The cyber-searching was prompted by two private organizations that filed suit over the Bush administration’s failure to abide by federal laws requiring electronic record keeping. The two groups are Citizens for Responsibility and Ethics in Washington and the National Security Archive. They say that the true extent of just how thoroughly the Bush White House failed to follow the law may never be known.
The two organizations stated that the 22 million Bush-era e-mails had been mislabeled and thus were effectively lost. According to Kristen Lejnieks, an attorney for the National Security Archive, the Obama administration will be able to restore 94 calendar days of e-mail from backup tape. Another lawyer for the National Security Archive, Sheila Shadmand, stated that the Obama administration is putting forth a good effort to rectify "the electronic data mess left behind by the prior administration."
The lawsuits brought to light records indicating the Bush administration was aware of serious problems with their archiving system during the President’s first term in office. The problems didn’t become widely known until 2006 though, when federal prosecutor Patrick Fitzgerald revealed them during his investigation of how the identity of CIA operative Valerie Plame was compromised.
Despite the recovery of the e-mails, the public won’t be seeing them any time soon. They are subject to the U.S. National Archives’ standard procedures for releasing presidential records, and thus the earliest they might be made available is 2014.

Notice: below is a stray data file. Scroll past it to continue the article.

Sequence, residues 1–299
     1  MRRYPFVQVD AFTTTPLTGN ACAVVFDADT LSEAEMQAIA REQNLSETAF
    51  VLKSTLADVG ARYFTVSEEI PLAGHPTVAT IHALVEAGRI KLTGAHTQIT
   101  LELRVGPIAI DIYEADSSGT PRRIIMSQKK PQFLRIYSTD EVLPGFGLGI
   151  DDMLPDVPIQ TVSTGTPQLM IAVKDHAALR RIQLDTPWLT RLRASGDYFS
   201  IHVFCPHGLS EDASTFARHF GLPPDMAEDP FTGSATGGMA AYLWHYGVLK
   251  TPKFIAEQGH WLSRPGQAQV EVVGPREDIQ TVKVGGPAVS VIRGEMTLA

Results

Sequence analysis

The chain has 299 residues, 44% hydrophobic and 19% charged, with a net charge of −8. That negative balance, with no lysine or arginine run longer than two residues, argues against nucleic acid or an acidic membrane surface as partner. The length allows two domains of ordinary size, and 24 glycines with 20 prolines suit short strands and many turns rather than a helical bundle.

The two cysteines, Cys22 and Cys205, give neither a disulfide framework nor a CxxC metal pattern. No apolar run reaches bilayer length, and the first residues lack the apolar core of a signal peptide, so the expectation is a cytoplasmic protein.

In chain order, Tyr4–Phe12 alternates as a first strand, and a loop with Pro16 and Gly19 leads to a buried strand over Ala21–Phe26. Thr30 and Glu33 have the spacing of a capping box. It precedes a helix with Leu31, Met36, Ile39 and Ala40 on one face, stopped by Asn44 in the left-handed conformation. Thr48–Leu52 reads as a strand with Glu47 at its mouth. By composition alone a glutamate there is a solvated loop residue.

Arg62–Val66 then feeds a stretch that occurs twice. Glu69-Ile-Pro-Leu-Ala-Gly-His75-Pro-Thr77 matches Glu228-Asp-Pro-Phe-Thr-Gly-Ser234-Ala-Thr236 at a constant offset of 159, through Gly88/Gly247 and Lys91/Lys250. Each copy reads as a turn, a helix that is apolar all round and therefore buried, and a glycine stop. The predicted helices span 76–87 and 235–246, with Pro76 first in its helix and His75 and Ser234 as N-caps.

Meredith Fuchs, the National Security Archive’s general counsel, noted that "many poor choices were made during the Bush administration and there was little concern about the availability of e-mail records despite the fact that they were contending with regular subpoenas for records and had a legal obligation to preserve their records."
The executive director of Citizens for Responsibility and Ethics in Washington, Melanie Sloan, declared: "We may never discover the full story of what happened here. It seems like they just didn't want the e-mails preserved." Sloan added that the finding of the mislabeled e-mails "gives us confirmation that the Bush administration lied when they said no e-mails were missing."
For an administration that seemed bent on increasing surveillance over American citizens without cause and without warrants, the Bush White House seemed very averse to having its own activities monitored or recorded. Finding 22 million e-mails that were supposedly mislabeled by accident is not an inconsequential discovery.
It seems that the old adage about wondering who will watch the watchers applies here. Apparently President Bush wanted the power to snoop into everyone else's electronic communications without having his own being subject to scrutiny.
Before the Obama administration cries foul though, President Obama should rethink his support for the warrantless wiretapping program he has continued from the Bush era. Obama has no right to point fingers until he has done away with this program that is a clear violation of the U.S. Constitution — and "We the People’s" right to privacy.
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